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Timothy Bargar, Ph.D.

Tim Bargar moved joined the USGS in 2008 and has worked to build research collaborations with federal partners to evaluate contaminant impacts on the nation’s trust resources. 


My research has emphasized assisting natural resource managers dealing with contaminant risks to DOI-trust resources. In ecotoxicology, risk is a function of the exposure magnitude for contaminants and toxicity. Often exposure/toxicity information available in the literature has limited applicability to the in-the-field situations, which could lead to decisions with much uncertainty. When there are competing unrelated priorities, the need for better data becomes increasingly urgent. My research program has focused on providing better data for issues concerning resource managers such as neonicotinoid insecticides and monarch butterflies, mosquito control insecticides and imperiled butterflies, and sunscreen chemicals and coral reefs. My goal is to help resource managers with these data needs so that they can achieve their trust resource conservation goals.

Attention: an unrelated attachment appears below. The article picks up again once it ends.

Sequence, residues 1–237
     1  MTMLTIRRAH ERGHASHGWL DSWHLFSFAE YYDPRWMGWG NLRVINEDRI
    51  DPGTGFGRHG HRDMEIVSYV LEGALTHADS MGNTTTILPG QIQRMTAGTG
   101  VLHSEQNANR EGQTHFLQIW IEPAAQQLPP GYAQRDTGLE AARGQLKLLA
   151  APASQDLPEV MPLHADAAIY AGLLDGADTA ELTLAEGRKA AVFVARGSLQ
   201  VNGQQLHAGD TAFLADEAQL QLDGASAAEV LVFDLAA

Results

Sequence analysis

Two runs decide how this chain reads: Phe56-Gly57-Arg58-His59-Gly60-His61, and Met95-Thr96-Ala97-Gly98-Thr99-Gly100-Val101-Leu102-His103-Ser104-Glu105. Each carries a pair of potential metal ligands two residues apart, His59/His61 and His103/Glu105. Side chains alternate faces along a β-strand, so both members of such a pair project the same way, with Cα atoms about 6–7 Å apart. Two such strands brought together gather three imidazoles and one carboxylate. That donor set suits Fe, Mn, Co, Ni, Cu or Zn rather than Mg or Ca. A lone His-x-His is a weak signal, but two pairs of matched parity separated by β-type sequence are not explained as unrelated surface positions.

His dissertation investigated a potential non-lethal, non-invasive method for assessing oviparous organism exposure to persistent organic contaminants. Prior to joining the  U.S. Geological Survey, Dr. Bargar worked with the National Oceanic and Atmospheric Administration, the U.S. Environmental Protection Agency, and the U.S. Fish and Wildlife Service. While with NOAA, he participated in the investigation of pesticide impacts in the Everglades National Park while completing his PhD. He moved on to the Office of Pesticide Programs of the USEPA where his responsibility was the conduct of pesticide ecological risk assessments within the Federal Insecticide, Fungicide, and Rodenticide Act process. He then joined the South Florida Ecological Services Office of the USFWS in 2003 and participated in activities related to the Comprehensive Everglades Restoration Plan (CERP). His responsibilities primarily involved the assessment, and associated ecological risks to federally listed species, of contamination on properties acquired for incorporation within the CERP. Additional responsibilities included evaluation of pesticide risk to federally listed species as a result of pesticide use on national wildlife refuges.